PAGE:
I detest bad leadership. I’ve studied leaders since I was 11, and studied management since I was 19. Incompetent leadership and inept management cripples business, the arts, sports, education, government, civilization, the world. I seldom see as horrible an example of both as in the case of President Trump’s verbal tirades against his own Attorney General,Jeff Sessions, first to Republican Senators at a White House dinner on this week, and later in an interview with the New York Times. Sessions responded to his boss’s disgraceful behavior by saying that he intended to serve “as long as that is appropriate.”
The only reason it would be appropriate for anyone to work for a leader, executive, manager or supervisor who treats subordinates this was is patriotism. The nation has to be managed; the government has to function. Other than that, no one with honor, self-respect or a sense of responsibility should voluntarily subject themselves to the kind of abuse this President offers. Reportedly the President insists on loyalty, but loyalty has to be minimally reciprocal. Criticizing a subordinate in public, as with the press, or in private, behind that subordinate’s back, is the equivalent of sin for any leader. It is cowardly. It’s unfair and disrespectful. It is irresponsible, incompetent and stupid, stupid stupid. Continue reading
When we last heard from photographer David Slater, the U.S. Copyright Office had rejected his claim that he owned the copyright for the famous series of selfies presumably taken unintentionally by a Celebes crested macaque. In 2011, Slater spent several days following and photographing a troop of macaques in Sulawesi, Indonesia, and the selfies were a lucky bi-product that quickly became a web sensation. Slater had asserted ownership over the photos, and had demanded that various on-line users, such as Wikipedia, either take them down or pay him as the copyright holder. The ruling of the Copyright Office was based on the theory that Slater had not taken the photo, so he was not the creator, and animals couldn’t own copyrights, so the photos were in the public domain.
Pop Ethics Quiz: Would it have been unethical had Slater simply released the photos without revealing that the selfies had been the lucky result of an accident, snapped by the monkey wile it was messing around with his equipment?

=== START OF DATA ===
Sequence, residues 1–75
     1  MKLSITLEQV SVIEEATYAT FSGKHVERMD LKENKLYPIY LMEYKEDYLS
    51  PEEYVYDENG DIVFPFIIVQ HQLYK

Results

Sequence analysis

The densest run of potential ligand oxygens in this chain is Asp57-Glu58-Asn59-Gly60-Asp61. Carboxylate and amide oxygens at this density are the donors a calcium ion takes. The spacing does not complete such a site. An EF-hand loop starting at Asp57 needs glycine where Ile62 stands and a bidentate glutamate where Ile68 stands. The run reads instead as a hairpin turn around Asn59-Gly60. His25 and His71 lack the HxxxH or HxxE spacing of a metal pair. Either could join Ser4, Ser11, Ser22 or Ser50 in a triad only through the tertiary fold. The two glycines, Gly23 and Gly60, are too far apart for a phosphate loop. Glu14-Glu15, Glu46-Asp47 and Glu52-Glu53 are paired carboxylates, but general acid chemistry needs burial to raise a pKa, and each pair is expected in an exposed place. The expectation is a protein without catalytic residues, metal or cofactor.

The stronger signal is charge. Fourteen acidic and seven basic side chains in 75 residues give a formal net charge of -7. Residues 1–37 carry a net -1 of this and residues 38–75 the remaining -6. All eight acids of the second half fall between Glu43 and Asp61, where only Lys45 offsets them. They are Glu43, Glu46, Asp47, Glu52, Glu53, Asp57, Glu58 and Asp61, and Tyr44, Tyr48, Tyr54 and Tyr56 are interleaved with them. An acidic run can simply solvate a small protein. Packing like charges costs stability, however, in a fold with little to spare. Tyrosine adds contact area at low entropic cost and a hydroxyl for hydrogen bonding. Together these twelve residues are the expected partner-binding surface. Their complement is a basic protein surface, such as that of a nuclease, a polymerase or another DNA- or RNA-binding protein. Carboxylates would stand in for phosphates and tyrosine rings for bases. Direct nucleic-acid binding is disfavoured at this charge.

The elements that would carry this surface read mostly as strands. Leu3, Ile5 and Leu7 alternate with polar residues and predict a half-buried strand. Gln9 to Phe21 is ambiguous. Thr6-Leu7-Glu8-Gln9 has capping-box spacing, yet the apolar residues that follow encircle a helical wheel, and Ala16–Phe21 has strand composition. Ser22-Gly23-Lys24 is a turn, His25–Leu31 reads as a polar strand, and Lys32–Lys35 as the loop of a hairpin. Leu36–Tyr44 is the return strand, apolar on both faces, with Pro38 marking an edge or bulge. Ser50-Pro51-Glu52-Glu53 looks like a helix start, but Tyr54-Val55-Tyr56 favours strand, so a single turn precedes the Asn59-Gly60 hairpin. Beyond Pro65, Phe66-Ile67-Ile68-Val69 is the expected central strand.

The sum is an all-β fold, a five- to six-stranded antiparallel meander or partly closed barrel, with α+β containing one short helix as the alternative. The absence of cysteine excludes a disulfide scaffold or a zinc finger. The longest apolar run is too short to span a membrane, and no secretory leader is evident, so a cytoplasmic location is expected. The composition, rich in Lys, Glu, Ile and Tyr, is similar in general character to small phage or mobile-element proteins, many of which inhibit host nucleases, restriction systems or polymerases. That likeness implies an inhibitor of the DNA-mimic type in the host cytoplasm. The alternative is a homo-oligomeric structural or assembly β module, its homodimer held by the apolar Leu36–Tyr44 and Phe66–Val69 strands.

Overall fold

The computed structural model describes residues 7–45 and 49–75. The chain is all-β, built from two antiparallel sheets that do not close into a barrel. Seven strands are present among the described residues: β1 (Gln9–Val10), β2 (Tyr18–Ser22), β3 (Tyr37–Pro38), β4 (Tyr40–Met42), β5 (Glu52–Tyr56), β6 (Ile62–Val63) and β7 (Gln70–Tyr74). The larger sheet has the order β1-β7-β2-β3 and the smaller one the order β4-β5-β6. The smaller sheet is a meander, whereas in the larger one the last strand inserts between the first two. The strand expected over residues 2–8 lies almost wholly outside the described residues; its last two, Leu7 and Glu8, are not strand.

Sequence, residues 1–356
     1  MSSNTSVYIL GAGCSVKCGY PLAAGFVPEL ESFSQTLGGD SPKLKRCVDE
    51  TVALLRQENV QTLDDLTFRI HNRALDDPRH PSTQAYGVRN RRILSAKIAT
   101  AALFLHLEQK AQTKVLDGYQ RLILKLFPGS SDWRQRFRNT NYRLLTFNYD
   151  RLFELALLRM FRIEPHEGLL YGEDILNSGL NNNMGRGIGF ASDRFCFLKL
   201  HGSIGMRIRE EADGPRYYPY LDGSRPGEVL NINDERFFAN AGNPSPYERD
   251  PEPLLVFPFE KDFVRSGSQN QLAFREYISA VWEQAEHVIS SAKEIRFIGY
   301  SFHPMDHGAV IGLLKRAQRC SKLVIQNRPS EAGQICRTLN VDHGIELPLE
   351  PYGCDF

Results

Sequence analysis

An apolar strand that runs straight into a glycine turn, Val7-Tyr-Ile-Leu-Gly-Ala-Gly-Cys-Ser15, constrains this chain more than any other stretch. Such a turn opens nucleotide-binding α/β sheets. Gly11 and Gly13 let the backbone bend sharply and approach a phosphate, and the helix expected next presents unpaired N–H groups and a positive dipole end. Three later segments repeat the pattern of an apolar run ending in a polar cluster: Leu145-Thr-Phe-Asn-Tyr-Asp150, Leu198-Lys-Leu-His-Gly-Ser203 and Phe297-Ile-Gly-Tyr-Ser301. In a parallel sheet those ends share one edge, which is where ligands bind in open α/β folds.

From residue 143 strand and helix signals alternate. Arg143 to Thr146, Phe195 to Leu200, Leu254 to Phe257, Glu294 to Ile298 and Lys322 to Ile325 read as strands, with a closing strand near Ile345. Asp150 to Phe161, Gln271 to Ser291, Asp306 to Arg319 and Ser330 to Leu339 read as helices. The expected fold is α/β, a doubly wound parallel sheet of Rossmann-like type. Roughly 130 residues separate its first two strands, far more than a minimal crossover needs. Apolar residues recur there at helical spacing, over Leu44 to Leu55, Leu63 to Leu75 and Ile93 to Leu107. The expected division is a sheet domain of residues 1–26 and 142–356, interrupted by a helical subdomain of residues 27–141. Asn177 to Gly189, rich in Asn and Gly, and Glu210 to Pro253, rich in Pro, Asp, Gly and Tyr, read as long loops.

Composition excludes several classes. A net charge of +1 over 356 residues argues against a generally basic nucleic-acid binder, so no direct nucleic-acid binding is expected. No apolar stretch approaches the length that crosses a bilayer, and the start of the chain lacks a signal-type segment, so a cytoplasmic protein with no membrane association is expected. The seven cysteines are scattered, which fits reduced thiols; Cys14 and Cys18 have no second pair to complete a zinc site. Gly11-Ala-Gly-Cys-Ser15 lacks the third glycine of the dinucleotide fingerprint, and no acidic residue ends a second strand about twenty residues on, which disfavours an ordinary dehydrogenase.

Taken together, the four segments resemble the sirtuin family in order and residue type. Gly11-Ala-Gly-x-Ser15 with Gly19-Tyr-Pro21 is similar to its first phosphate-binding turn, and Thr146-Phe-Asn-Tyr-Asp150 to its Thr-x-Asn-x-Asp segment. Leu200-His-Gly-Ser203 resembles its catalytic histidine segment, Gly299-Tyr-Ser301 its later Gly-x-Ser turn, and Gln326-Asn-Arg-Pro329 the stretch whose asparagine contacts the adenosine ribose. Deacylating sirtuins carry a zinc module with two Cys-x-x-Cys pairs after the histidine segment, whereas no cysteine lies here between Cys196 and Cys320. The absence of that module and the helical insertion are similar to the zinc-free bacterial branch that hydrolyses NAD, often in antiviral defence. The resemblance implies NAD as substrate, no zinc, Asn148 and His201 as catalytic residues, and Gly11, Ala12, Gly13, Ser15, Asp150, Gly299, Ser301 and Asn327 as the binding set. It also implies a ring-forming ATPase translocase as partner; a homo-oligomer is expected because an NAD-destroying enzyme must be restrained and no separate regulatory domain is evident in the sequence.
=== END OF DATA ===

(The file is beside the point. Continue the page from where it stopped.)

About the Copyright Office’s ruling: I’m dubious. Slater owned the equipment, and had the sense to preserve the photos. A decision that if a photo is taken accidentally by a non-human or an act of God, the photographer who owns the equipment gets the copyright would have been fair. Zapruder owned the film that inadvertently caught President Kennedy having his forehead shot off, and it made him rich. Slater’s claim just goes a step further: Zapruder left the street to buy a hotdog, put his camera on on a trash can and asked a friend to “watch it,” and a dog turned the camera on, catching the grisly scene. So Zapruder doesn’t own the film anymore? Does that make sense to you?
Well, that was the ruling anyway. Then things got really ridiculous. Slater included the monkey selfies in a book, and People for the Ethical Treatment of Animals (PETA) brought a law suit against Slater on behalf of the monkey,which PETA claims is named Naruto, and asked that PETA be appointed to administer proceeds from the photos for the benefit of Naruto and other crested macaques in the reserve on Sulawesi. So PETA would suddenly be the de facto copyright holder. Continue reading
“Biographies describe a man intent on making his fortune and not afraid of skating near the edge to do so. At one point, according to Politico, federal investigators found that Frederick used various accounting measures to collect an extra $15 million in rent (in today’s dollars) from a government housing program, on top of paying himself a large “architect’s fee.” He was hauled before investigating committees on at least two occasions, apparently was arrested at a K.K.K. rally in Queens (though it’s not clear he was a member), got involved in a slush fund scandal with Robert Wagner and faced discrimination allegations.”
—New York Times columnist David Brooks arguing that Donald Trump, Jr.’s conduct in holding the controversial meeting with some Russians and Russian-Americans to acquire useful negative information about Hillary Clinton for his father’s campaign came about because his family is just no damn good, as shown by the conduct of Fred Trump, the President’s storied father.
Unlike some commentators, I have no ethical problem with Brooks’ basic thesis. Culture molds ethics, children are influenced by the conduct and values modeled by their parents, and I have pointed out too many times to count that Donald Trump doesn’t know ethics from a merry-go-round, and appears to have no conventionally functioning ethics alarms at all. It makes perfect sense that Donald Jr. would grow up similarly handicapped.
However, Brooks’ evidence that Trump family patriarch Fred Trump was corrupt and without scruples is all innuendo and supposition, and thus dishonest, incompetent, and unfair. Let’s examine the components of Brooks’ attack:
- “federal investigators found that Frederick used various accounting measures to collect an extra $15 million in rent (in today’s dollars) from a government housing program, “
Were the accounting measures illegal? Apparently not. Was the “architect’s fee”? I guess not: Fred wasn’t indicted or prosecuted. Being investigated by the feds does not prove or indicate wrongdoing. Maybe Fred was cheating; I wouldn’t be surprised. But Brooks has no facts to support that assumption, just a pejorative characterizations.
- “He was hauled before investigating committees on at least two occasions…”
I love the “hauled.” Being asked to testify isn’t evidence of wrongdoing either. Continue reading